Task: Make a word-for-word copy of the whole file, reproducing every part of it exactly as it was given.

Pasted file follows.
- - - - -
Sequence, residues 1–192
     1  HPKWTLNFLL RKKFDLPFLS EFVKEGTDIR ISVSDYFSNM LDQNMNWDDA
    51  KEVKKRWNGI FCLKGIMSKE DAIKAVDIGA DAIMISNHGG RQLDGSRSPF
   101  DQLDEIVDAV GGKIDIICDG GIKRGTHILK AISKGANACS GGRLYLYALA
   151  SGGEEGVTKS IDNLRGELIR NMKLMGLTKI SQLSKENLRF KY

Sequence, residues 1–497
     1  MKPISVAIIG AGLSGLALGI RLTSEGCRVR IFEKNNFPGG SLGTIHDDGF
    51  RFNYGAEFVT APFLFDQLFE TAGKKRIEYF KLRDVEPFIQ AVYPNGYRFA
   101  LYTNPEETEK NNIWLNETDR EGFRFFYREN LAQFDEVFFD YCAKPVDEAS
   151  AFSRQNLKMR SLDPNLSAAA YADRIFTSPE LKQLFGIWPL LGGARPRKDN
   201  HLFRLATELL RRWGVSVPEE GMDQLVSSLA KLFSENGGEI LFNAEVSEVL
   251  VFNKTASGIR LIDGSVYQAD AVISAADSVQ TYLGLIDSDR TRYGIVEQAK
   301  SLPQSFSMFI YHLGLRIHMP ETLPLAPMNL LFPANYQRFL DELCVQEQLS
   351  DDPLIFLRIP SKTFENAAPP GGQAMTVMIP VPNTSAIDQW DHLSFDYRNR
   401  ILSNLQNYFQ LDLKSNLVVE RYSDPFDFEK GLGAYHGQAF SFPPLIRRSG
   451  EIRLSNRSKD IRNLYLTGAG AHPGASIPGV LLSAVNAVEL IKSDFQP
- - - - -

Sequence, residues 1–192
     1  HPKWTLNFLL RKKFDLPFLS EFVKEGTDIR ISVSDYFSNM LDQNMNWDDA
    51  KEVKKRWNGI FCLKGIMSKE DAIKAVDIGA DAIMISNHGG RQLDGSRSPF
   101  DQLDEIVDAV GGKIDIICDG GIKRGTHILK AISKGANACS GGRLYLYALA
   151  SGGEEGVTKS IDNLRGELIR NMKLMGLTKI SQLSKENLRF KY

Sequence, residues 1–497
     1  MKPISVAIIG AGLSGLALGI RLTSEGCRVR IFEKNNFPGG SLGTIHDDGF
    51  RFNYGAEFVT APFLFDQLFE TAGKKRIEYF KLRDVEPFIQ AVYPNGYRFA
   101  LYTNPEETEK NNIWLNETDR EGFRFFYREN LAQFDEVFFD YCAKPVDEAS
   151  AFSRQNLKMR SLDPNLSAAA YADRIFTSPE LKQLFGIWPL LGGARPRKDN
   201  HLFRLATELL RRWGVSVPEE GMDQLVSSLA KLFSENGGEI LFNAEVSEVL
   251  VFNKTASGIR LIDGSVYQAD AVISAADSVQ TYLGLIDSDR TRYGIVEQAK
   301  SLPQSFSMFI YHLGLRIHMP ETLPLAPMNL LFPANYQRFL DELCVQEQLS
   351  DDPLIFLRIP SKTFENAAPP GGQAMTVMIP VPNTSAIDQW DHLSFDYRNR
   401  ILSNLQNYFQ LDLKSNLVVE RYSDPFDFEK GLGAYHGQAF SFPPLIRRSG
   451  EIRLSNRSKD IRNLYLTGAG AHPGASIPGV LLSAVNAVEL IKSDFQP